Enshrined in protection: height limits to retain view
The Sunday Age
Sunday February 6, 2011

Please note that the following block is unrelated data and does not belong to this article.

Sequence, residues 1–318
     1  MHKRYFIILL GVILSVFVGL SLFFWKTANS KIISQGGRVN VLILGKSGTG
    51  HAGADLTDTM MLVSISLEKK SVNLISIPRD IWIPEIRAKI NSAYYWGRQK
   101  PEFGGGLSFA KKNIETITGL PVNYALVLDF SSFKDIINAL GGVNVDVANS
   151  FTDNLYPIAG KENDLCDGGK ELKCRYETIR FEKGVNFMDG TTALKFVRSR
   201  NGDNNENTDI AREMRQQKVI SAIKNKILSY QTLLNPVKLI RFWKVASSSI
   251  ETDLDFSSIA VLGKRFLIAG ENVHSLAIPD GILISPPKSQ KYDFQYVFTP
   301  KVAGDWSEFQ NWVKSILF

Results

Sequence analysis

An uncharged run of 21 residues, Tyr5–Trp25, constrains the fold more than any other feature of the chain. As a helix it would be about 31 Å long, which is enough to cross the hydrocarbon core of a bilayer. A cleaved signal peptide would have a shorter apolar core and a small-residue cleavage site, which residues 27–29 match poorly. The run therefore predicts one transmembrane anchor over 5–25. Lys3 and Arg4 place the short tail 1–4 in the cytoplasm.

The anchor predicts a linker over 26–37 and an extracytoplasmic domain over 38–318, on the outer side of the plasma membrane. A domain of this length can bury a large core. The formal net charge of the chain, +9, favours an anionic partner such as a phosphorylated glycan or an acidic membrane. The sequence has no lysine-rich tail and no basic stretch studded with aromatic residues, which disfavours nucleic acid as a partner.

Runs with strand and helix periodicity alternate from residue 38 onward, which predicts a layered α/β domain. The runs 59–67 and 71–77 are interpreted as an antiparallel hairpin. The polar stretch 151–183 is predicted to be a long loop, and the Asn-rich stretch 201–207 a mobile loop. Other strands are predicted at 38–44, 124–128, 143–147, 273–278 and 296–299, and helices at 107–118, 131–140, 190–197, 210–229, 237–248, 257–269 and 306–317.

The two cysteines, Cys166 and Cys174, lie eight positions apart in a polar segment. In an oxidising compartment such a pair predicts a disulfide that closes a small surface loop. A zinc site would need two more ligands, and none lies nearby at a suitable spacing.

PLANNING Minister Matthew Guy has made his first ministerial intervention, blocking several high-rise developments proposed near the Shrine of Remembrance on St Kilda Road.Last week, Mr Guy quietly made a ministerial order to impose mandatory height limits of 60 metres on land between St Kilda Road and Kings Way, south of Dorcas Street in South Melbourne, including Albert Road. The area had only discretionary height limits of 30 to 60 metres.Mr Guy told The Sunday Age that he stepped in to place a moratorium on high-rise development near the Shrine after meeting with Port Phillip Council.Port Phillip mayor Rachel Powning said the council had raised concerns about height controls after seven or eight applications in the past few month for high-rise towers that exceeded council's discretionary limits by as much as 20 storeys."We're very supportive of high density in growth areas," she said, "but we're very much aware it needs to be supported by infrastructure. We also believe the Shrine vista is very important and needs to be protected."The moratorium will be in place for two years, during which time Port Phillip council will review the long-term planning needs for the area. "It's temporary, not a permanent control. We don't support the idea that these kind of mandatory controls should be indefinite."Port Phillip Council will have to present its review to the state government for approval within two years. The height controls will have an impact on development proposals, including a 28-storey tower proposed for 32 Albert Road.The ban on development near the Shrine follows Mr Guy's decision in December to overturn the previous Labor government's plan for high density development along tram and train routes.Mr Guy insisted the Baillieu government was "not anti-development, but we do believe in commonsense in planning".He was adamant that the ban on high density was a one-off but would not rule out imposing similar height limits to protect other significant landmarks. "I won't do it on a whim," he said. "We see this as a last-resort mechanism, not something we would make a habit of. This government does not want to micromanage the planning system."The move was welcomed by the Shrine's chief executive, Denis Baguley, who had advocated a study into planning laws around the Shrine."There is no question in our mind [that] there needs to be planning protection for the Shrine," he said. "We believe those controls should be mandatory. It's very clear there has been planning protection for the Shrine for a long time, but we're beginning to see increased development pressures along St Kilda Road." The height controls would protect the vistas of the St Kilda Road boulevard and Albert Road boulevard, he said.